Silicon Power released the XD80 PCIe 3.0 NVMe SSD in April 2021, which is an update over the now more than 2-year-old P34A80. With an almost identical hardware specification, will the XD80 outperform the P34A80 in our benchmark results?
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Same as the P34A80, the XD80 is only available in M.2 2280 form factor. You can choose to have capacity from 256 GB to 2 TB. Via the PCIe 3.0×4 interface, the SSD is said to have sequential read/write speeds up to 3400 MB/s and 3000 MB/s. Smaller-sized models will have slower write speeds, as low as 1100 MB/s. All drives are rated to have a MTBF of 2 million hours and write endurance from 200 TBW to 1600 TBW.
The overall packaging of the XD80 is extremely simple with a cardboard and plastic clamshell. There is not much information, other than the contact details for Silicon Power’s service center.
Silicon Power XD80 PCIe NVMe SSD
Our 2 TB XD80 sample has a part number of SP002TBP34XD8005. Both sides of the blue printed circuit board (PCB) are occupied by the components. A thin aluminum heatsink is installed on the top of the drive for better heat dissipation, when under intense load. The white sticker at the back contains information, like model name and serial number.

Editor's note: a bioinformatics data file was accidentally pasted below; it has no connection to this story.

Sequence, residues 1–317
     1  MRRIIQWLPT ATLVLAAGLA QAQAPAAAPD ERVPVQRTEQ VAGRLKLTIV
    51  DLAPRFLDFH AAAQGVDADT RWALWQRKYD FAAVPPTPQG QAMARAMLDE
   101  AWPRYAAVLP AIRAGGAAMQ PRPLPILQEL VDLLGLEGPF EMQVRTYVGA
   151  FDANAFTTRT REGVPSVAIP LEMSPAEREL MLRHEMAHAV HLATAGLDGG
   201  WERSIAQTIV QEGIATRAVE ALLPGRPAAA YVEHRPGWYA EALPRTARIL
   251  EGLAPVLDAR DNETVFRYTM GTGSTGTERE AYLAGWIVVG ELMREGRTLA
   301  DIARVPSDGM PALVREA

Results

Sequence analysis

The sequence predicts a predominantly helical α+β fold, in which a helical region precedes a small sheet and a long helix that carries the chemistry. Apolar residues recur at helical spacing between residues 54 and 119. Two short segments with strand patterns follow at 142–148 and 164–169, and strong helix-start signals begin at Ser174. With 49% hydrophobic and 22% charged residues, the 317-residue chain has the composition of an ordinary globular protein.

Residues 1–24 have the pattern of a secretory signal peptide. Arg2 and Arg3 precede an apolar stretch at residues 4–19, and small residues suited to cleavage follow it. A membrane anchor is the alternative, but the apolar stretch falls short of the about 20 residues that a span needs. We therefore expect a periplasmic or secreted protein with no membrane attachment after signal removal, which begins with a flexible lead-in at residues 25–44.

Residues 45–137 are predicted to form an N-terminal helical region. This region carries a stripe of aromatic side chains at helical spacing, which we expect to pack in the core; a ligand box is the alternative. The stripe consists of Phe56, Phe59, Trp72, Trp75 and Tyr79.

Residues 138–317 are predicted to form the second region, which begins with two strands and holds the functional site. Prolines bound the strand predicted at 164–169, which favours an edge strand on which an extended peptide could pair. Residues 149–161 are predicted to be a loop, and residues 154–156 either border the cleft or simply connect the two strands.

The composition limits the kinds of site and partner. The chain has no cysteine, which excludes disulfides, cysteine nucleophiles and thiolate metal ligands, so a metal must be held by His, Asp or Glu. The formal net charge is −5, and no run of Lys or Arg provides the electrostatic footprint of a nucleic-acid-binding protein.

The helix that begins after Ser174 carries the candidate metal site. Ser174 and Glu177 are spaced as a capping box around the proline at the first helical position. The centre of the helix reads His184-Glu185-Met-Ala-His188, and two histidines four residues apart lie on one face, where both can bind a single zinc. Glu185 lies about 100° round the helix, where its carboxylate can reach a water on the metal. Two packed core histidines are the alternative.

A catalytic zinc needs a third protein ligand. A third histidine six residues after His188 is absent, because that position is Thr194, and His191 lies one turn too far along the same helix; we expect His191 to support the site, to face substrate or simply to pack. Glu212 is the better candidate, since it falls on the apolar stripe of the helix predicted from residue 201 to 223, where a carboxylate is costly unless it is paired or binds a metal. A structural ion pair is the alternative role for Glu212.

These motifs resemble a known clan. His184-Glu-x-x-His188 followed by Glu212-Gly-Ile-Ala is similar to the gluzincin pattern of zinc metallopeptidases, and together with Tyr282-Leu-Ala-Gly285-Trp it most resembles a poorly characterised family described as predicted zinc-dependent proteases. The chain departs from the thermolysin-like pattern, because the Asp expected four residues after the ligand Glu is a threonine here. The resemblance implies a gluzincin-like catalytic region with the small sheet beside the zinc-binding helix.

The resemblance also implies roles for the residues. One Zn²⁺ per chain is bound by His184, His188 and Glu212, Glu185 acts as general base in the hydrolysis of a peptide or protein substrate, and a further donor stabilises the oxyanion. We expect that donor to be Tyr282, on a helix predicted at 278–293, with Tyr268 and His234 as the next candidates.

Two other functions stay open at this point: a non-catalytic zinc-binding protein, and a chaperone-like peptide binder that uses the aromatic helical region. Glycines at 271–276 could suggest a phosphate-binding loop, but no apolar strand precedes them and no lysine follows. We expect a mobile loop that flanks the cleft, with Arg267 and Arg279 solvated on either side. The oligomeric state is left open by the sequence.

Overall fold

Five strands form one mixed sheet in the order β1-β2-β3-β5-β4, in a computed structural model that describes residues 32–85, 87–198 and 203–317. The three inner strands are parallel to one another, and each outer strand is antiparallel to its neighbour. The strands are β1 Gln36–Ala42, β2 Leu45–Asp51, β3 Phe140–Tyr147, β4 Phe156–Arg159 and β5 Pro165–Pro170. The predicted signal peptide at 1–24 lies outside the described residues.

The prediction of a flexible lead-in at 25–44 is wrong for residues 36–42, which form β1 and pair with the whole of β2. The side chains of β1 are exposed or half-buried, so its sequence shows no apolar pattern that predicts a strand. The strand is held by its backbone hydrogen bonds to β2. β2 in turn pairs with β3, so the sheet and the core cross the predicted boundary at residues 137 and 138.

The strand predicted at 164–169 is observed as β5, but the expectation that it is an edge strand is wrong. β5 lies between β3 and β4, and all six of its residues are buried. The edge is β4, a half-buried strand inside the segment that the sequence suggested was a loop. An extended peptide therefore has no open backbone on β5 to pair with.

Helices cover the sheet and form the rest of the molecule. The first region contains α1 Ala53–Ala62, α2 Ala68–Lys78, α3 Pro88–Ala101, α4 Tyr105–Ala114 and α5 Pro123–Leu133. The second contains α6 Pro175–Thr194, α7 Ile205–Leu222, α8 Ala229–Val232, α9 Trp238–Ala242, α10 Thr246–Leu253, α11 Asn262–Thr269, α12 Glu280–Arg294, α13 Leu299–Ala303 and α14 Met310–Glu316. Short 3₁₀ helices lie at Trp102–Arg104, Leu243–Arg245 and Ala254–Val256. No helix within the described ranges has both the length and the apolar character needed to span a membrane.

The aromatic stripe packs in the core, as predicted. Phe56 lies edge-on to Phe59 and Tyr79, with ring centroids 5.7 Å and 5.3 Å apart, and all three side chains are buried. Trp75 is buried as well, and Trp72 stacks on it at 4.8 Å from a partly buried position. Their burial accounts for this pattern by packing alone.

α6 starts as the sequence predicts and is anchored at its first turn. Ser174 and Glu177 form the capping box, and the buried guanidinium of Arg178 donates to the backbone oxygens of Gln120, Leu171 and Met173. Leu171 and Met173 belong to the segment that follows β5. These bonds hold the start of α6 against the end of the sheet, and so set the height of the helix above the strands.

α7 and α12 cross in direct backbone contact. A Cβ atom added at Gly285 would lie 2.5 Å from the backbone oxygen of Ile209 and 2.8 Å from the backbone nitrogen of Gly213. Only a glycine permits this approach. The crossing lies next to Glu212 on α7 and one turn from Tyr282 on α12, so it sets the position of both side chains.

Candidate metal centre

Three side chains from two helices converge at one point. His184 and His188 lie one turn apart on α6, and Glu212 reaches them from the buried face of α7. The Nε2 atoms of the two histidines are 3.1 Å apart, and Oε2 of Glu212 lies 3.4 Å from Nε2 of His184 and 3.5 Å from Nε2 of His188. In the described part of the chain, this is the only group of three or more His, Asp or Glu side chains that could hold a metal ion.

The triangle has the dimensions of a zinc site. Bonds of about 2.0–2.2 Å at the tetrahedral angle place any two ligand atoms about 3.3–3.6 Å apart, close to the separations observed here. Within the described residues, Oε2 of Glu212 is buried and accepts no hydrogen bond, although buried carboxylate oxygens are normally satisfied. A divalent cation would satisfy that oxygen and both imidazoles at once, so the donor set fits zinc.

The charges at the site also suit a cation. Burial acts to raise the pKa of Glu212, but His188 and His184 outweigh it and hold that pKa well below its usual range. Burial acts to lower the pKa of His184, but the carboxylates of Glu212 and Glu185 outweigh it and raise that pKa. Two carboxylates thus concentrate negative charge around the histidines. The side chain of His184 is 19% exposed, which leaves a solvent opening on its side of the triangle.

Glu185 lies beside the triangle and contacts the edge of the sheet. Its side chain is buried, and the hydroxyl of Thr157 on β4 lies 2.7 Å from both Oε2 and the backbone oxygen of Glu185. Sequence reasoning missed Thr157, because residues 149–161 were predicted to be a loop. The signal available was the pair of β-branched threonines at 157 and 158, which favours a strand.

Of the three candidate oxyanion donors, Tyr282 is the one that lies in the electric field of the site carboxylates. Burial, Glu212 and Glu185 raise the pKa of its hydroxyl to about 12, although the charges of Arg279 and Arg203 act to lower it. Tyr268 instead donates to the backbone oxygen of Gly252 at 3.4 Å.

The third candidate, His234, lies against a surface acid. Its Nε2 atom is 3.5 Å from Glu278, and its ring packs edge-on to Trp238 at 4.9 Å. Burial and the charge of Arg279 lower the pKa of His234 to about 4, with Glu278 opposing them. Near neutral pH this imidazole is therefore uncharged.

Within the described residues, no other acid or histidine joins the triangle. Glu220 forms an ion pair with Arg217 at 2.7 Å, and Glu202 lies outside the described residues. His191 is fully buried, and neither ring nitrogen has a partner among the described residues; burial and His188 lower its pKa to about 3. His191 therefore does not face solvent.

The XD80 is powered by the Phsion PS5012-E12 memory controller, which is an unsurprising choice for a PCIe Gen 3 SSD. A single 8 Gb/1 GB DDR4-2666 DRAM chip from SK hynix (H5AN8G8NCJR) and two 64-Layer BiCS3 3D TLC NAND flash modules from KIOXIA (TPBHG55AIV) are fitted on each side of the PCB.
This is where I got a bit confused. I originally thought the XD80 drives will all use the newer, higher-density 96-Layer BiSC4 NAND flash. But our particular sample is equipped with the 64-Layer BiCS3 NAND flash. A quick google search finds that other tech review sites’ XD80 samples do have the BiSC4 NAND flash installed (e.g. Guru3D, NikkTech and TechPowerUp). On their 2 TB drives, the PCB is single-sided and has the smaller PS5012-E12S controller. They do have a different part/lot number of SLA80D29P, instead of SLA80D09P, if you want to distinguish between the two versions.
I understand that manufacturers sometimes need to switch or mix components on an existing SSD model, due to part availability and cost constraint. Personally, I am fine with different capacity drives having different components, as long as they meet the advertised performance and are clearly-labeled on the product itself. For the XD80, I think Silicon Power should inform the customer better by having a notice on the product page.
The M.2 (M-Key) connector at the end can allow a maximum theoretical bandwidth of up to 32 GT/s or 3.94 GB/s.
To test the performance of the solid-state drive, we use four well-established storage benchmarking software. They are CrystalDiskMark, ATTO Disk Benchmark, AS SSD Benchmark, as well as HD Tune Pro.
CrystalDiskMark can measure both sequential and random 4KB read/write speeds with a queue depth of 32. ATTO Disk Benchmark can test how the drive performs across different transfer block sizes, mostly in a sequential environment. AS SSD Benchmark can provide both normal read/write speed and the IOPS performance of the drive. HD Tune Pro can be used to simulate a large file transfer of up to 100 GB.